I desire to appeal to my right hon. Friend the First Lord of the Treasury to make an exception in favour of the Motion which stands in the name of the hon. Member for South Armagh (Mr. Blane), and which deals with a question which an hon. Member sitting on the other side of the House this afternoon told the House was to be the burning question at the General Election; and hon. Members on both sides of the House know that, sooner or later, a General Election will come. I appeal to my right hon. Friend to except Friday, the 6th of May, from his Motion; and I appeal to him on this ground, and I think hon. and right hon. Gentlemen on the other side of the House will see that it is a very sound ground. If my right hon. Friend carries his Motion without making an exception of the 6th of May, what will happen will be this: The Motion of the hon. Member for South Armagh will come on for discussion at nine o'clock, and, according to the Rules of the House, the discussion will close in three hours. The hon. Member for South Armagh would probably open the discussion, and lay his views before the House; he would be followed probably by the various leaders of the sections of the hon. Members for Ireland. Then undoubtedly there are no less than two or three right hon. Gentlemen on the Front Opposition Bench who would be most anxious to take the opportunity to express their views on the subject. The right hon. Gentleman the Member for Derby told us in his speech the other day in the New Forest that he had not been aware of the terms of the Motion, bu1 that he would be prepared on some other occasion to discuss it, and I am sure we would be delighted to hear him. But what would be the result of this? The intervention of right hon. Gentlemen on the Front Bench during the three hours undoubtedly would leave very little time for the other hon. Members from Ireland who sit on this side of the House, and other independent Members who have no chance of catching your eye on those occasions, Mr. Deputy Speaker, but who are very anxious indeed to contribute their views on this important Motion. Therefore, I think, having regard to the great interests at stake, the fact that right hon. Gentlemen opposite and hon. Members below the Gangway tell us that this is to be the burning question at the General Election, and the fact that the discussion will have the effect of clearing away a good deal of misconception, both above and below the Gangway, as to what is the particular position occupied by the Party opposite on this question, I feel that my right hon. Friend will be doing a very just and reasonable thing if he excepts from his Motion Friday, the 6th of May.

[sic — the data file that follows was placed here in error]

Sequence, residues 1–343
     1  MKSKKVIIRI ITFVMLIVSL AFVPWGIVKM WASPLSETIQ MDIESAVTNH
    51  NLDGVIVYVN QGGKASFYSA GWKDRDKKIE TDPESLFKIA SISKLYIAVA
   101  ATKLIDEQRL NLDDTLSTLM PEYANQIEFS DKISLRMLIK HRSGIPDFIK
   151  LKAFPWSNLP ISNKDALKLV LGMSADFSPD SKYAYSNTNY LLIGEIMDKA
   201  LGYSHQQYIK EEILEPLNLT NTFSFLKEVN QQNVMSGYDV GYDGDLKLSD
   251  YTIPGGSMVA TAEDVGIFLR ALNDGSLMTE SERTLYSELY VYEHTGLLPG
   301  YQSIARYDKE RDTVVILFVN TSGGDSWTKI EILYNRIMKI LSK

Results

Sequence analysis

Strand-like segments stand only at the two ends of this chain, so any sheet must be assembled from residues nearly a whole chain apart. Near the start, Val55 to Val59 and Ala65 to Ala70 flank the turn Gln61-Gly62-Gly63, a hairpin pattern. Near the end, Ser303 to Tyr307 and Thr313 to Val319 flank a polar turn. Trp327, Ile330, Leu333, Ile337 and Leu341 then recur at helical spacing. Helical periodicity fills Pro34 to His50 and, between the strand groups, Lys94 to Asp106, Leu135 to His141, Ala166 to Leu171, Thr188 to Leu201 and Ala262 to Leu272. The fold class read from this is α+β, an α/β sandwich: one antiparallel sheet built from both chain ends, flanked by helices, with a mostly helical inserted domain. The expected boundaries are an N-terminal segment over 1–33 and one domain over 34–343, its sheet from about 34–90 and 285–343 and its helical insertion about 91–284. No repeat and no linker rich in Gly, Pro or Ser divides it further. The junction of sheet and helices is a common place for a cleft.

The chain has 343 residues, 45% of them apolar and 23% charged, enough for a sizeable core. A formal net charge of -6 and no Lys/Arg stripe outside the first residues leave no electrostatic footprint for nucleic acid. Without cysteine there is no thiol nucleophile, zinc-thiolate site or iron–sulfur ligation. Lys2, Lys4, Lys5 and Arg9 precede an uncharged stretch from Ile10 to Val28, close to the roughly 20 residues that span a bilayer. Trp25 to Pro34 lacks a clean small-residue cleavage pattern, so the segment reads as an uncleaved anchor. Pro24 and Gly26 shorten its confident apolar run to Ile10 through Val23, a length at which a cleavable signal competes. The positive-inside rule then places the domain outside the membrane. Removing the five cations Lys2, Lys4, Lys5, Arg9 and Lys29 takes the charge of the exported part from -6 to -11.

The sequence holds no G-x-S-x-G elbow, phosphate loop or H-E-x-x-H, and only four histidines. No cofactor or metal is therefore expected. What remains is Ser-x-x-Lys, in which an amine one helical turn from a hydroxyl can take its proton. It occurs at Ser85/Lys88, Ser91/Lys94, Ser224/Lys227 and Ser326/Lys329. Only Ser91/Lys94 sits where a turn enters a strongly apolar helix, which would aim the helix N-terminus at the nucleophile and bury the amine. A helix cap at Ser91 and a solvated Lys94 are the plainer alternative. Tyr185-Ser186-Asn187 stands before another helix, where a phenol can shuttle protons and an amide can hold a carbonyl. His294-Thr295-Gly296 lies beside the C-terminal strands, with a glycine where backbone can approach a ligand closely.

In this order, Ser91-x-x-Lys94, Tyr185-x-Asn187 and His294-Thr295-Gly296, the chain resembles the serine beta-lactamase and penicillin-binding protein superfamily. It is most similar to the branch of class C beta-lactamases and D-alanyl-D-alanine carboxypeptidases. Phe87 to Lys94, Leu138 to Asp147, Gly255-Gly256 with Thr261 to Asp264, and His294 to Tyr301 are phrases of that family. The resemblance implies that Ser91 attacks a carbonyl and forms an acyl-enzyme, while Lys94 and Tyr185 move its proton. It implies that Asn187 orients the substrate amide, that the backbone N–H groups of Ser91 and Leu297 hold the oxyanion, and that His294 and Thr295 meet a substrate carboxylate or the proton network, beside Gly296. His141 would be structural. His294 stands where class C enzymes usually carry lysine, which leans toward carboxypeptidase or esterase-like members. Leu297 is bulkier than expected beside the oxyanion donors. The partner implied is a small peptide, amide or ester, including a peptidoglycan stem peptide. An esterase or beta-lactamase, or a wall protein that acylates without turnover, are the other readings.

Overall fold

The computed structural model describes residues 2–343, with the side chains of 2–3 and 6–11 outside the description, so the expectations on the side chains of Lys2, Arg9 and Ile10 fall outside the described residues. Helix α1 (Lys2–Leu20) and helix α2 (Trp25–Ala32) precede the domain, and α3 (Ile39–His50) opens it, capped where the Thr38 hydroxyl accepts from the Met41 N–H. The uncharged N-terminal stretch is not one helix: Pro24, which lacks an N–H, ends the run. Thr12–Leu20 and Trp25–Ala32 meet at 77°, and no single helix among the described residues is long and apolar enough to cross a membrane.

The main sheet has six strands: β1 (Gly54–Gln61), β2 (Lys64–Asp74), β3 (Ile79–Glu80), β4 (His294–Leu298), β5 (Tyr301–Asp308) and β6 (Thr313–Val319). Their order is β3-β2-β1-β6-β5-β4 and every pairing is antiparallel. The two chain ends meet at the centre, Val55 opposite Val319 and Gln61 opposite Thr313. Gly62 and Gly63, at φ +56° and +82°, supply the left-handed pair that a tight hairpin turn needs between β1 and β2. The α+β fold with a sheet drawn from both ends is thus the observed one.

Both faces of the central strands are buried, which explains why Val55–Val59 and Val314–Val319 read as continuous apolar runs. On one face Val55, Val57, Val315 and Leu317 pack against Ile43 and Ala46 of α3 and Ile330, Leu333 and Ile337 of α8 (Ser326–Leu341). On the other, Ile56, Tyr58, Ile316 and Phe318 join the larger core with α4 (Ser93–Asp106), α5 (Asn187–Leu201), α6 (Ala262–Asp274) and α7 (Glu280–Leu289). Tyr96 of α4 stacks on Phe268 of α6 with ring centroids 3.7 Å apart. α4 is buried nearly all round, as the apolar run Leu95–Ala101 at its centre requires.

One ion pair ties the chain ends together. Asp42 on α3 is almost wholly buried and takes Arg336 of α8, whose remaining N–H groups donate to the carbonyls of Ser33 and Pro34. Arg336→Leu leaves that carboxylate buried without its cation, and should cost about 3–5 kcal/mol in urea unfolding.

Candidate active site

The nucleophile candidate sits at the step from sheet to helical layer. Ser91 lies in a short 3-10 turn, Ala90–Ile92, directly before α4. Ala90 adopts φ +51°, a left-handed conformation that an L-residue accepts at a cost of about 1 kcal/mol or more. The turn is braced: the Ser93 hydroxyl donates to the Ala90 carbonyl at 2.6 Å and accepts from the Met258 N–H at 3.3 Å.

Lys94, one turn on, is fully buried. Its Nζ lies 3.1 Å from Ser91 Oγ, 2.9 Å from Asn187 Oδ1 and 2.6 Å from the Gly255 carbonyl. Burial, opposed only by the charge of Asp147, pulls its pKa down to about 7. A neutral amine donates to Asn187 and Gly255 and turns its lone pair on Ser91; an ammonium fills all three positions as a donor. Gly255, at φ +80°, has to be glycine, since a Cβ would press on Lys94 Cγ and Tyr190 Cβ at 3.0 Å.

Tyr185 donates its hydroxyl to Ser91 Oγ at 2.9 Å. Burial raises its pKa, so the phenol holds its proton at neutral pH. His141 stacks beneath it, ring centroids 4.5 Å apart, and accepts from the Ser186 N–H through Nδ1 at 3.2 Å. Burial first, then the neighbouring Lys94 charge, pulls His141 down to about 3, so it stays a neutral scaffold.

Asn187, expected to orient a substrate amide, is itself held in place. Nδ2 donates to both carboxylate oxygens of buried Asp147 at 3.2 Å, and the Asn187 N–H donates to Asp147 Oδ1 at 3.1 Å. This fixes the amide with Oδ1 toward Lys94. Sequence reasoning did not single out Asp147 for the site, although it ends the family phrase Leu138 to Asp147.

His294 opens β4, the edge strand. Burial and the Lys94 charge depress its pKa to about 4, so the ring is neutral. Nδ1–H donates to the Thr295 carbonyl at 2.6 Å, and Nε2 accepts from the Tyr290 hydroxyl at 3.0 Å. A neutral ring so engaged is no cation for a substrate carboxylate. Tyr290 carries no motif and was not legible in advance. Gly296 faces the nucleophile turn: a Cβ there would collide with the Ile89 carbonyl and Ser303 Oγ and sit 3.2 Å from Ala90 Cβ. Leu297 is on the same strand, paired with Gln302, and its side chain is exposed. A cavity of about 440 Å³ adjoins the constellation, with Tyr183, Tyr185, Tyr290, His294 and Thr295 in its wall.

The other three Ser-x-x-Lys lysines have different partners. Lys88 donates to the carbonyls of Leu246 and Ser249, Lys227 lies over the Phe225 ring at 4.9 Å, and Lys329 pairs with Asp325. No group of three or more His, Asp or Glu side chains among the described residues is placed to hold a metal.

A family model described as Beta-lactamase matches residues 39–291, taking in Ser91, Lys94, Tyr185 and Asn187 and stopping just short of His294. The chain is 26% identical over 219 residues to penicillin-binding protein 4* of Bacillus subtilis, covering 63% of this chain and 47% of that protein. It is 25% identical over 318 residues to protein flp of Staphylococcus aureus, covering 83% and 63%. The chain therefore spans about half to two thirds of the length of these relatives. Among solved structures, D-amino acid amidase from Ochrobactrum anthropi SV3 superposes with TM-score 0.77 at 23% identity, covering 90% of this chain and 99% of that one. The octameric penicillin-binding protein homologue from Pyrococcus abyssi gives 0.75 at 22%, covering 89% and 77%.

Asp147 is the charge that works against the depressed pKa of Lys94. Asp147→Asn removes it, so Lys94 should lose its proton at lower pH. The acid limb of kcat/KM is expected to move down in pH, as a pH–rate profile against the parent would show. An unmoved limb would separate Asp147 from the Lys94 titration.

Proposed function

(4.9.) SIR W. HARCOURT (Derby)